I used the hunter-prey story line for my cyber romance, Snatch Me. Cyber romance…another sexy subgenre. time.
Ellora’s Cave just released Snatch Me in a print anthology along with two other great cyber romances Phantom Touch from Cindy Jacks and Want to go Private by M. A. Ellis. Winter storm season is just ahead and you should have a copy of this threesome to keep you warm in case the power goes out.
Threesomes…menage…another erotic niche. So what’s you favorite genre? Subgenre? Niche within a subgenre?
Just A Little Byte from Ellora’s Cave
I’m running a little behind schedule on my Nano word count. How far Behind? According to the calculator I’ll finish my novel on December 28th. So when I bumped into an article by Rachel Aaron, How I Went From Writing 2000 W0rds a Day to 10,000 Words a Day, I was interested. According to Aaron, making one simple change immediately doubled her word count. Doubling my daily word count is just about what I need to win Nano.
So I’ve decided to do a simple experiment: I will try Aaron’s simple change for the next two weeks and let you know how it went in a post here at the blog on Thanksgiving Day. If you’re madly trying to finish a novel this month, you can join my experiment. The more people participating, the better the results.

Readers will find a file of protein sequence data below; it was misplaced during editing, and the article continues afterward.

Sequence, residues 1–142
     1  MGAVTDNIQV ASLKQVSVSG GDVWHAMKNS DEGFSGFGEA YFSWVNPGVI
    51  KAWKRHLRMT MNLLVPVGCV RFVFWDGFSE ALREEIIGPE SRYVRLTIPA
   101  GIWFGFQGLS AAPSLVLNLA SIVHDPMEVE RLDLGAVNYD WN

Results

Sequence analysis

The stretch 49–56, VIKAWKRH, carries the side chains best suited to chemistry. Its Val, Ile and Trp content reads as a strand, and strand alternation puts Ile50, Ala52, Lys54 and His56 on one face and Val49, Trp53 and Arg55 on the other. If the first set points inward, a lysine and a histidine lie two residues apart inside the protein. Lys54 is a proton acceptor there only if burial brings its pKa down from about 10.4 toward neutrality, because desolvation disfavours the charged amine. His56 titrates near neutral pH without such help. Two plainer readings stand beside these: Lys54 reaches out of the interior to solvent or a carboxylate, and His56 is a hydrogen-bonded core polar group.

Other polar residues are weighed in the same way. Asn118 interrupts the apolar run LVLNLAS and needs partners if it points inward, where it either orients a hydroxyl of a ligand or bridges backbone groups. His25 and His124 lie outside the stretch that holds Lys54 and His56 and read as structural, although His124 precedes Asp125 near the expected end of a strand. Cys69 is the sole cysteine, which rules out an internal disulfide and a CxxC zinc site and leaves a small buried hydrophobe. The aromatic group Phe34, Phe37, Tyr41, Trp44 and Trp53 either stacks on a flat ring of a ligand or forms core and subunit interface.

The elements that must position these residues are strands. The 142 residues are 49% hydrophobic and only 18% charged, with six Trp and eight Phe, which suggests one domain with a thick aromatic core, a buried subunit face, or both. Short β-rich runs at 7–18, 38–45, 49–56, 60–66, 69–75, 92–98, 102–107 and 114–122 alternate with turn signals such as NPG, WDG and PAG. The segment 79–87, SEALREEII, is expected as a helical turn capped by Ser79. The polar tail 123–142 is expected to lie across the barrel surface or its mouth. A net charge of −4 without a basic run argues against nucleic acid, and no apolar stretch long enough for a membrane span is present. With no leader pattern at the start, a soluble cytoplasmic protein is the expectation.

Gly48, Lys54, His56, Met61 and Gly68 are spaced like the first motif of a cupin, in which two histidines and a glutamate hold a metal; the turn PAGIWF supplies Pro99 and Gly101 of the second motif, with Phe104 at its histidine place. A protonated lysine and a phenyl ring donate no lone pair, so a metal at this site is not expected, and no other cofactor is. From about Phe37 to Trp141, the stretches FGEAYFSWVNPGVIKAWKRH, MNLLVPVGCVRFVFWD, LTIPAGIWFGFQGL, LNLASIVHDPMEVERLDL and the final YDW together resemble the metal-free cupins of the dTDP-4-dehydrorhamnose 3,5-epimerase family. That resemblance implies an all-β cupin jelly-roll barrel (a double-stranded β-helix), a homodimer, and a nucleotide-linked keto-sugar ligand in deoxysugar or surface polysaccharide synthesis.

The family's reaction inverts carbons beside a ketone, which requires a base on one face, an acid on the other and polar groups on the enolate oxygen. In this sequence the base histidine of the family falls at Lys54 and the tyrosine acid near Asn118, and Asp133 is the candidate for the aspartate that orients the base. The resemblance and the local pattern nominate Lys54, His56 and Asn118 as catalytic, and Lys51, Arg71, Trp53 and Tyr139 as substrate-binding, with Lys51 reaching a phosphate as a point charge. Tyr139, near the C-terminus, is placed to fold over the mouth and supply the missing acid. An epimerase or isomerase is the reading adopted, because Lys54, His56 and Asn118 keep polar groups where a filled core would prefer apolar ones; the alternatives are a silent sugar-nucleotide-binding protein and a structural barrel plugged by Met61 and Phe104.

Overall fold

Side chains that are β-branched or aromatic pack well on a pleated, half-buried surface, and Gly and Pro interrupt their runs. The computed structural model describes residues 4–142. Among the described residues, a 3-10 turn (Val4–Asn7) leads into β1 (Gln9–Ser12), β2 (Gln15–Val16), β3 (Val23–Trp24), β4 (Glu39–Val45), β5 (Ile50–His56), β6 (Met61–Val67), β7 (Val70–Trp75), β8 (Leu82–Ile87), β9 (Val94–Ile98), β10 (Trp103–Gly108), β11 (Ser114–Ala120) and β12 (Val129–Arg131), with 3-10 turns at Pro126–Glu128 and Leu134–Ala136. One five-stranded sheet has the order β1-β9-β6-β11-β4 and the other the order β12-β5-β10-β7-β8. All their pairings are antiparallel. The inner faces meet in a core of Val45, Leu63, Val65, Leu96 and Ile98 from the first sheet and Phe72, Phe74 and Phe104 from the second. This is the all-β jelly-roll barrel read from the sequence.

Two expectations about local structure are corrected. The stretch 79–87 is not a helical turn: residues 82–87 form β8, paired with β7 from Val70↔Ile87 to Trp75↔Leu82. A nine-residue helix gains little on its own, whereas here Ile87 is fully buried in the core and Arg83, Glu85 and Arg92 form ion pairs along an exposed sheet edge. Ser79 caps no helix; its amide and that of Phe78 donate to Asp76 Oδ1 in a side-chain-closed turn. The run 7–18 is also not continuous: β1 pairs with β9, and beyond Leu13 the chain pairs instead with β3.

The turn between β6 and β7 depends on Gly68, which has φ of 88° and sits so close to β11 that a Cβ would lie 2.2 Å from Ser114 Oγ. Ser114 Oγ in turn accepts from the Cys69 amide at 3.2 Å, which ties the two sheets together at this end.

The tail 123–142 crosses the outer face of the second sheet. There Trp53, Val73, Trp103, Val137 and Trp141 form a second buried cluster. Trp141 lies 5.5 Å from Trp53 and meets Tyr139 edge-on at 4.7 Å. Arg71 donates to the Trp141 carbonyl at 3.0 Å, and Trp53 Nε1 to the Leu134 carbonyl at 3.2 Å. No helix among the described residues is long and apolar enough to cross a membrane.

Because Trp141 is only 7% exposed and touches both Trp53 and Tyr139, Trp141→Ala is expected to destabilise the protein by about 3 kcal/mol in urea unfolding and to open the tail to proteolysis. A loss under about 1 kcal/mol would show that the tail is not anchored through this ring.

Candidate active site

Here’s all you have to do:
When you sit down to write, before you open the laptop, list the all the things you know about the scene. Just jot some quick notes that include elements you need to get covered and details of the action. If you’re an intricate plotter this may not help you. I can write pages of intricate plot details, but when I finish that I’ve lost my enthusiasm for writing the book. I’ve learned to use a modified pantster style of sketching out basic turning points and complications in a couple of pages, leaving the story to reveal itself as I write. But it’s hard and slow going trying to mentally track all the plot elements while telling the story. I think this switch to prewrite plotting could be a reasonable solution. I’m including links here for the simple little scene and sequel guidelines I’ll be using for my prewrite.